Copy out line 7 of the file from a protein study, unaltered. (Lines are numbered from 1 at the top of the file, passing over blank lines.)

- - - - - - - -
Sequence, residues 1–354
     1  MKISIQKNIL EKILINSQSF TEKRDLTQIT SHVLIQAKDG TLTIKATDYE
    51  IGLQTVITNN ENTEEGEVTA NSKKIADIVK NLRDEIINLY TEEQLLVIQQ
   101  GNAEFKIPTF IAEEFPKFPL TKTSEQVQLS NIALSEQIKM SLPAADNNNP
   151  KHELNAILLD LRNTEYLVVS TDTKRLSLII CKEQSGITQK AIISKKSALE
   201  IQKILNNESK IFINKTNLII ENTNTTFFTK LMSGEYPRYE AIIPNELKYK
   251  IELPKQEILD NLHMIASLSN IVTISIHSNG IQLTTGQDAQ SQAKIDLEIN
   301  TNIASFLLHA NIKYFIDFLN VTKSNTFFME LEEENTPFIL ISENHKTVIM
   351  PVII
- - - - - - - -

   251  IELPKQEILD NLHMIASLSN IVTISIHSNG IQLTTGQDAQ SQAKIDLEIN